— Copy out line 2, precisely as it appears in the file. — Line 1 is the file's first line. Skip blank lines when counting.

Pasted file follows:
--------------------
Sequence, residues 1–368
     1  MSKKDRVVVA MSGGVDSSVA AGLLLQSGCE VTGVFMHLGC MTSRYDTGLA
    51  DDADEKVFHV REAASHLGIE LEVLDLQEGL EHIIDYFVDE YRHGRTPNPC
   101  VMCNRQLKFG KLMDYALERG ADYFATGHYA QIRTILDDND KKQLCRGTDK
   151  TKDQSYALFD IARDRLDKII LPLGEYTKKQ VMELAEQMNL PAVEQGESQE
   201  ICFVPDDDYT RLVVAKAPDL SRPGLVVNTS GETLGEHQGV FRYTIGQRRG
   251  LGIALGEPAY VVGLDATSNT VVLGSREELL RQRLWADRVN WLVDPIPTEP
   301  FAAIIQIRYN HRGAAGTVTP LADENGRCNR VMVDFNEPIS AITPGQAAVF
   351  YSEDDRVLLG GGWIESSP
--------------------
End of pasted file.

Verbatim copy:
     1  MSKKDRVVVA MSGGVDSSVA AGLLLQSGCE VTGVFMHLGC MTSRYDTGLA